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Author Topic: New dimension for EPS files (4 megapixels)  (Read 2444 times)

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« on: April 04, 2019, 16:03 »
+2
Starting on April 8, 2019, Shutterstock will require the dimensions of EPS files to be at least 4 megapixels.

I work entirely in Inkscape, and so far have kept the dimensions smaller than 500 pixels on the largest side, to avoid rejection (Design is either too large or too small on the artboard)

The new requirement is therefore highly worrying - does that mean in the future all files created in Inkscape will be rejected, because in order to make them fit the artboard, they have to be smaller than 4 megapixels?

Someone else having the same worries?  :(
« Last Edit: April 04, 2019, 19:02 by franzi »


U11


« Reply #1 on: April 04, 2019, 18:45 »
+1
It is not clear to me where I should put my keywords if the Jpeg is not required anymore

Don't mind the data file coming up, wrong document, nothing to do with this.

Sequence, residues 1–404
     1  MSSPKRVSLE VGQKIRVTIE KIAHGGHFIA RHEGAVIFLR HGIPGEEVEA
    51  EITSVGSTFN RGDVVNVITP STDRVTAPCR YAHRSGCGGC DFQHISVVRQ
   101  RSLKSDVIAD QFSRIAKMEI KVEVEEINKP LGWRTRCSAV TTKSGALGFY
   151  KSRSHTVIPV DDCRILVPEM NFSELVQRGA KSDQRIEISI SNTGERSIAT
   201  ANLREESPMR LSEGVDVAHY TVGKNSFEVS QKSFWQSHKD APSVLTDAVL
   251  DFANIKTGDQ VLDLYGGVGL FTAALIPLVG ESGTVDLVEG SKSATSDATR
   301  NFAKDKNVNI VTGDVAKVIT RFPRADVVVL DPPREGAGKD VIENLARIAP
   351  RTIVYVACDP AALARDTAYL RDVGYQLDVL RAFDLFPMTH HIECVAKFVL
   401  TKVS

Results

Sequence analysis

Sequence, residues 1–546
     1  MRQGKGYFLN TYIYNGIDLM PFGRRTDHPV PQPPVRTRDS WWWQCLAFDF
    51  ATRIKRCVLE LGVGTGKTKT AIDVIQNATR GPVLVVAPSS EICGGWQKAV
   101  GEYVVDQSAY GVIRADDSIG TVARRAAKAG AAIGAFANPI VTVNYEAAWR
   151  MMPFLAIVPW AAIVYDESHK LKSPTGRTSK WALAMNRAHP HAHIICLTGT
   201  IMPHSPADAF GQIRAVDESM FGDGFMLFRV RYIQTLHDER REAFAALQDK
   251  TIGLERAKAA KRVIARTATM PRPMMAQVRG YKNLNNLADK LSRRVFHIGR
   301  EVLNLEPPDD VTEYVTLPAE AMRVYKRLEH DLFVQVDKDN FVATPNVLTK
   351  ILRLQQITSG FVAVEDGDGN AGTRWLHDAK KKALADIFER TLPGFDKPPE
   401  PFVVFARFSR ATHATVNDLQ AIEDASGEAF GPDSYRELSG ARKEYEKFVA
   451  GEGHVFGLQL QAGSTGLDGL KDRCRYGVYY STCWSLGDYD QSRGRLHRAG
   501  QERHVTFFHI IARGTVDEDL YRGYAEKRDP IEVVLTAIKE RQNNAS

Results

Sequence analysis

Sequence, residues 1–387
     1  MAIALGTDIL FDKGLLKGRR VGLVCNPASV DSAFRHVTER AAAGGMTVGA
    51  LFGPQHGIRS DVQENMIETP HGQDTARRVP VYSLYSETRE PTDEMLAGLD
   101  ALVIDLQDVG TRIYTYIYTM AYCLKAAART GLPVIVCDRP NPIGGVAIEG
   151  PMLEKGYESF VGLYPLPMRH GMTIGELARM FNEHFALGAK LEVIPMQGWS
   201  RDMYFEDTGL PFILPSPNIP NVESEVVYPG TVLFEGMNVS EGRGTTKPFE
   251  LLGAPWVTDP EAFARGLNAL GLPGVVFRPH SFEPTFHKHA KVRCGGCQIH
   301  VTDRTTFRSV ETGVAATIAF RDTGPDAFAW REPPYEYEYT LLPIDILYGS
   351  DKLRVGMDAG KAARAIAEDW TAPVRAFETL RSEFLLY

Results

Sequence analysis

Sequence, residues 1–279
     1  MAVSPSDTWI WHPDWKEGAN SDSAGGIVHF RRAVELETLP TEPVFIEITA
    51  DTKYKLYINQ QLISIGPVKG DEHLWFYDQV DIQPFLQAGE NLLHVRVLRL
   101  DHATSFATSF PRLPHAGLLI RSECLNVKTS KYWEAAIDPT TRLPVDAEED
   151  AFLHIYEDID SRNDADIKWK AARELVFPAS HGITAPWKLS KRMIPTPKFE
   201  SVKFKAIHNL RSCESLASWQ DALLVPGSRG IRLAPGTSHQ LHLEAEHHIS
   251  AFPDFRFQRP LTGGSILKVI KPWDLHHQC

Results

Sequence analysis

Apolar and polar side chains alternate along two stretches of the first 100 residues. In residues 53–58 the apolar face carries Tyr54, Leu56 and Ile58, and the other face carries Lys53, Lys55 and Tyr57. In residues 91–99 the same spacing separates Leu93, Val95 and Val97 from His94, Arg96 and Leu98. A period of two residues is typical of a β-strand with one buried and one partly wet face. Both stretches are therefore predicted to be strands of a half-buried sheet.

« Reply #2 on: April 04, 2019, 18:46 »
+4
I am using Adobe Illustrator all along, and this new requirements make me worry as well. The thing is all my previous artwork elements are created in lower resolution of about 1000x1000. Now with the new requirements, all my new artworks needed to be at least 2592x1520.

That means, whenever I have to use back my old elements for new artwork, I have to resize them. This will be a lot of hassle and will be very messy.

From a buyer point of view, it is totally bad as well because a buyer that usually buy from the same artists would have big problem and surprises that their new artworks are no longer the same size as those they brought previously. It will be a problem for them to resize the icons to a desirable state that matched their previously bought icons.

There is no advantage here for both side (artist and buyer). Can Shutterstock please reconsider not doing this 4megapixels thing?


« Reply #3 on: April 04, 2019, 19:01 »
+1
I just checked the Shutterstock forum, a lot of contributors are complaining. The increase in dimension also means an increase in file size, therefore complex illustrations will be much bigger than 50 MB when saved at 4 megapixels.

« Reply #4 on: April 04, 2019, 19:13 »
+6
Can all vector artists please chip in at https://forums.submit.shutterstock.com/topic/96928-shutterstock-has-made-uploading-vectors-easier-than-ever/ to oppose the idea. We need to stand united against this foolish idea.